Chuck, the sleek black cat my husband Joe and I brought home after graduating from college, was sewn to my feet like Peter Pan’s shadow. It didn’t strike me as unusual that he followed me everywhere; that’s what shadows do, of course.
Chuck was on his hind legs, with his paws on the other side of the front door, when I got home from work each night. He’d perform a rapturous dance of greeting across the kitchen counters as I set down my bag, my keys, our groceries. He’d leap into the refrigerator when I opened it to put those groceries away, slow-blinking at me from atop the crisper.
Visitors to our apartment would exclaim at how friendly he was, but they also observed that he seemed to be biding his time until his Host Cat duties were over and he could return from their laps to mine. That seemed perfectly natural to me as well: Thanks to early adoption by the marvelous cat my parents had when I was born, I spent my childhood secure in the assumption that all cats liked me and that the cats in our house probably liked me best.
The years rolled by, as they do for all of us who aren’t Peter Pan. We brought home another cat, Steve, an independent fellow who humbled me by preferring Joe. That was fine, though — after all, Chuck and I had each other. Then, two springs ago, Chuck’s vet found a little lump in his abdomen during his yearly checkup; less than two months later, my witchy, wonderful cat died of cancer.
After a summer of mourning, we decided to adopt Matty, a shy kitten who spent his first night home under our bed. When I finally coaxed him out the next morning, he blinked his big blue eyes — and trotted past me to the living room, where he assumed a televised-golf-watching position on the couch beside Joe that is now his signature.
Matty perches on the edge of the tub as Joe takes his morning shower. He leaps to his feet and arches his neck like an Andalusian horse when Joe enters his line of sight. He is a Bromese, a Siamese deeply in love with the man of the house. Now, I am no cat’s favorite person.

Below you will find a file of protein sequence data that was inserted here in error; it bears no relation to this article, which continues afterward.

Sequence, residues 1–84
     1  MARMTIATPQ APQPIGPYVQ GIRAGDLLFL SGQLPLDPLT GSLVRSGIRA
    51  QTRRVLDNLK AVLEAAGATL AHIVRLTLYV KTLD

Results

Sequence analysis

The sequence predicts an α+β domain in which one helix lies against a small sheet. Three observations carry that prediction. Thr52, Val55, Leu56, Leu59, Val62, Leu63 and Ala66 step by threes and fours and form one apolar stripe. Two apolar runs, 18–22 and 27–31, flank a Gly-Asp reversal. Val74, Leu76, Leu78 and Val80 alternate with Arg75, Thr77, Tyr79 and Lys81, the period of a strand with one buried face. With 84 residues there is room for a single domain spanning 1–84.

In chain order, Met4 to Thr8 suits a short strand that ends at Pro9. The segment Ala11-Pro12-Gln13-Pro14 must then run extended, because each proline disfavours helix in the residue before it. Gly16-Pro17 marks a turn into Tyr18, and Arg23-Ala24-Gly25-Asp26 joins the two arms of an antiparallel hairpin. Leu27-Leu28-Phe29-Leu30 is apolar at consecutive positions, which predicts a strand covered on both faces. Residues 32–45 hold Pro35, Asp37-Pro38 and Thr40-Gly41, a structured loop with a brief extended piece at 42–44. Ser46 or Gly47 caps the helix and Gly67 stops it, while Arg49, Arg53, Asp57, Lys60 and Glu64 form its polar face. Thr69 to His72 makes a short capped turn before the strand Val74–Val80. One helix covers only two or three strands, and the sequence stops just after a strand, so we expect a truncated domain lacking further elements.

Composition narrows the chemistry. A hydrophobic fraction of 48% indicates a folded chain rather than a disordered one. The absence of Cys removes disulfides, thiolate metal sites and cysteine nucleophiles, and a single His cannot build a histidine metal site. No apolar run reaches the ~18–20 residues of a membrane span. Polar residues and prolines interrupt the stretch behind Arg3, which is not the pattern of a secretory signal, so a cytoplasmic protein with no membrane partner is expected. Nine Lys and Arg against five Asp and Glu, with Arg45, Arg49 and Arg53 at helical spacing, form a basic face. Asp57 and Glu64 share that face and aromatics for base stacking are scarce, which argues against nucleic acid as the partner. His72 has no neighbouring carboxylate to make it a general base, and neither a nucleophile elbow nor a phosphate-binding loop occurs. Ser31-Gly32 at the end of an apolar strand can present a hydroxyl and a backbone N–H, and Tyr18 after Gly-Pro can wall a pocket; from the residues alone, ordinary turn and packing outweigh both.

To really appreciate how arrogant I’ve been, I had to admit that I was no longer the favorite, I had to feel sorry for myself about it, and then I had to realize how ridiculous the self-pity was. A cat’s affection, as anyone who lives with a cat is well aware, is meaningful because it is by no means a given. A feline best friend, in turn, is a peak life experience. Knowing that, how could I take my most-favored-human status for granted? I used to feel the twinge of a phantom limb when I watched Matty and Joe adore each other the way my Chuck and I once did. Joe is also my favorite person, though, and a little cat at my husband’s heels gives me a thrill of joy. It’s time he had a shadow of his own.
Does your cat have a favorite person? How do you feel when it isn’t you? Tell us in the comments.
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About the author: Lauren Oster is a freelance writer and editor in New York City. She and her husband share an apartment on the Lower East Side with Steve and Matty, two Siamese-ish cats. She doesn’t leave home without a book or two, a handful of plastic animals, Icelandic licorice mints, and her camera. Follow her on Twitter or Instagram.